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We study chip self-organization and fault tolerance at the architectural level to improve dependable continuous operation of multicore arrays in massively defective nanotechnologies. Architectural self-organization results from the conjunction of self-diagnosis and self-disconnection mechanisms (to identify and isolate most permanently faulty or inaccessible cores and routers), plus self-discovery of routes to maintain the communication in the array. In the methodology presented in this work, chip self-diagnosis is performed in three steps, following an ascending order of complexity: interconnects are tested first, then routers through mutual test, and cores in the last step. The mutual testing of routers is especially important as faulty routers are disconnected by good ones with no assumption on the behavior of defective elements. Moreover, the disconnection of faulty routers is not physical (“hard”) but logical (“soft”) in that a good router simply stops communicating with any adjacent router diagnosed as defective. There is no physical reconfiguration in the chip and no need for spare elements. Ultimately, the multicore array may be viewed as a black box, which incorporates protection mechanisms and self-organizes, while the external control reduces to a simple chip validation test which, in the simplest cases, reduces to counting the number of valid and accessible cores.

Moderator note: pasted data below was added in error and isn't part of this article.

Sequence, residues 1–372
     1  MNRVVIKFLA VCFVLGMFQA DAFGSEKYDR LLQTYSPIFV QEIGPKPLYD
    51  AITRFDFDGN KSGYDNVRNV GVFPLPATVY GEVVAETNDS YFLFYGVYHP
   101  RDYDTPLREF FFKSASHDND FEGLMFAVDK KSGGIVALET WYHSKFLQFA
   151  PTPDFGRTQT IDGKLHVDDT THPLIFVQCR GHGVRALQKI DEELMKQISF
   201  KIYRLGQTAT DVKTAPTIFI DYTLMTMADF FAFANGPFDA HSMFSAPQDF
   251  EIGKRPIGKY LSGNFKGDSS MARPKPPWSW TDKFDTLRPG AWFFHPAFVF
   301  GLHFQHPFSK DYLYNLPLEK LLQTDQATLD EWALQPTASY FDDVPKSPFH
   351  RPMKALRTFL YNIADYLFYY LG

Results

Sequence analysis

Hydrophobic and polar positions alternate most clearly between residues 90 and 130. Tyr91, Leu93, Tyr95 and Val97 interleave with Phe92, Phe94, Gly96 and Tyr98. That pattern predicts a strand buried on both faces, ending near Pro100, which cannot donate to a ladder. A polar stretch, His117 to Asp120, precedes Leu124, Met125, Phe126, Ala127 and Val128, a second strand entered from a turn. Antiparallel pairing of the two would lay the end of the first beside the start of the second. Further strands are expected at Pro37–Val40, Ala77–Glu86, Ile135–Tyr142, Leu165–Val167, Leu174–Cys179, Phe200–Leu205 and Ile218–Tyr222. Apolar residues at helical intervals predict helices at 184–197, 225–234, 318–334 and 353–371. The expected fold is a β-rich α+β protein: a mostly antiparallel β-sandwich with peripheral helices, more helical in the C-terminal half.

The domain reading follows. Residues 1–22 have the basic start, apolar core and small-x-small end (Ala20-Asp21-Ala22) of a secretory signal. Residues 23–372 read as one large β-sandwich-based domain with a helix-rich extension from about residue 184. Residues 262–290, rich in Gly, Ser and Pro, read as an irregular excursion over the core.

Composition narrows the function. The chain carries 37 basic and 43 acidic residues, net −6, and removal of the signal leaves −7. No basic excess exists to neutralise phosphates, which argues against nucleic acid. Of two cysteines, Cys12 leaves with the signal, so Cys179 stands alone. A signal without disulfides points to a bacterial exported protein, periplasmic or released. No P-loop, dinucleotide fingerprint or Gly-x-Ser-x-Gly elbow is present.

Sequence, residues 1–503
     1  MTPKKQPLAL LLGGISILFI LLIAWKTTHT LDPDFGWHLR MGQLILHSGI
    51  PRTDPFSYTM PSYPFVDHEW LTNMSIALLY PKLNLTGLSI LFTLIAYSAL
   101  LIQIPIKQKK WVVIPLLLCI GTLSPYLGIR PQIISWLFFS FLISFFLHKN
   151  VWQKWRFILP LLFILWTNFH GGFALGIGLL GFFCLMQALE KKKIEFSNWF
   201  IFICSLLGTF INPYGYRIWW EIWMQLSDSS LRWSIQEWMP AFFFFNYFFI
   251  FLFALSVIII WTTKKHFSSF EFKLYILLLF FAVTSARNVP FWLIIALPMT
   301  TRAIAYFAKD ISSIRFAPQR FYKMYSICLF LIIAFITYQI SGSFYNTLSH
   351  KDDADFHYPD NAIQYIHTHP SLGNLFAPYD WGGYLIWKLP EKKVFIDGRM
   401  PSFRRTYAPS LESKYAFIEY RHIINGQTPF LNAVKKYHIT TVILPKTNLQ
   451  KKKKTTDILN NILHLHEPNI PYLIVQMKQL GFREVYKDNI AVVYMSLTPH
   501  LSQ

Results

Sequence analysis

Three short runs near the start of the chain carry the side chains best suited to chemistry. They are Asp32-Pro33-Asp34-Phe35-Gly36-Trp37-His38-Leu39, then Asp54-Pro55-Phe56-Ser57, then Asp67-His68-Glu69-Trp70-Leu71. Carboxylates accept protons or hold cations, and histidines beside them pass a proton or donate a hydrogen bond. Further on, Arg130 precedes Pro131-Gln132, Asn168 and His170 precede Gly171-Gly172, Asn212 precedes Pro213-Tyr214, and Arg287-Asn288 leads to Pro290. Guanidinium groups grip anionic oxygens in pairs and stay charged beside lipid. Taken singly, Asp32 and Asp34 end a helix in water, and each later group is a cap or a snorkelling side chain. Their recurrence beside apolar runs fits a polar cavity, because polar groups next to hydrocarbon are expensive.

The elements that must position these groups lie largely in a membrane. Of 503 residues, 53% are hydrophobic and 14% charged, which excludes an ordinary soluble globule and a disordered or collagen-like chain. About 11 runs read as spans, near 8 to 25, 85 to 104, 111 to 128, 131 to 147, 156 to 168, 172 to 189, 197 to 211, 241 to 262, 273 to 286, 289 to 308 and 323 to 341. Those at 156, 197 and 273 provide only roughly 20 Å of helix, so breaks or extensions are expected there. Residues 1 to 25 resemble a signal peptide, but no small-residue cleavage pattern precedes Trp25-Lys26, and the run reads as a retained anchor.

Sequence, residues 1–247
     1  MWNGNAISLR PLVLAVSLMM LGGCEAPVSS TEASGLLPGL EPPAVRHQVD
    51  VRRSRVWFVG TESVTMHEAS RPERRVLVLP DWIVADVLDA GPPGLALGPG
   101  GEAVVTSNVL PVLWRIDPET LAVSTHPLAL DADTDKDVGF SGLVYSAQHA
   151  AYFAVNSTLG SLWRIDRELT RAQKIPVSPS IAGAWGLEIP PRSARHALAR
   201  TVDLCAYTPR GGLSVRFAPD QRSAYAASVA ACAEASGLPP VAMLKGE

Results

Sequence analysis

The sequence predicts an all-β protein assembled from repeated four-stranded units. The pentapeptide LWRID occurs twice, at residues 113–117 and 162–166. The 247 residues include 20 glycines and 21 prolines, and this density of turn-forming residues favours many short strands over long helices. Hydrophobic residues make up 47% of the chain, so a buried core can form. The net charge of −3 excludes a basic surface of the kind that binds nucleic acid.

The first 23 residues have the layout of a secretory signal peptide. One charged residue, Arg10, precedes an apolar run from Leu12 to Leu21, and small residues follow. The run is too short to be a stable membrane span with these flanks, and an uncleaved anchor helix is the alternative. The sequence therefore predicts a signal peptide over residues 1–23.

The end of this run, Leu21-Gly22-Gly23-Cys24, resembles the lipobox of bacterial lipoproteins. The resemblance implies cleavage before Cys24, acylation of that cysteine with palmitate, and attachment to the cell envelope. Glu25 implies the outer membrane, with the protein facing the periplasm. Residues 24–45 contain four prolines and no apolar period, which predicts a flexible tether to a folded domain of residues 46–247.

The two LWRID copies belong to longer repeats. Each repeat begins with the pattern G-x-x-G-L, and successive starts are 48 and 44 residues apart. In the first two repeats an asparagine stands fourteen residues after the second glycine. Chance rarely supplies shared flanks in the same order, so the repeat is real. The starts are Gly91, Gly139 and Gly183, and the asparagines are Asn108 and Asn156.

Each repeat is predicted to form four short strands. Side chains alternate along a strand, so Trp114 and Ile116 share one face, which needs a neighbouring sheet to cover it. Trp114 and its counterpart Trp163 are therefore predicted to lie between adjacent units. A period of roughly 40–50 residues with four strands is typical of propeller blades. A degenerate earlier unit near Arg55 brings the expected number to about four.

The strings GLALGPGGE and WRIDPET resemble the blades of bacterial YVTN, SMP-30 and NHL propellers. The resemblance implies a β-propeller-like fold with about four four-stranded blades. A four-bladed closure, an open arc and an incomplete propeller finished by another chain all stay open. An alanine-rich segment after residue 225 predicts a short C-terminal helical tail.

Dependable and Secure Computing, IEEE Transactions on (Volume:8 , Issue: 2 )
Date of Publication: March-April 2011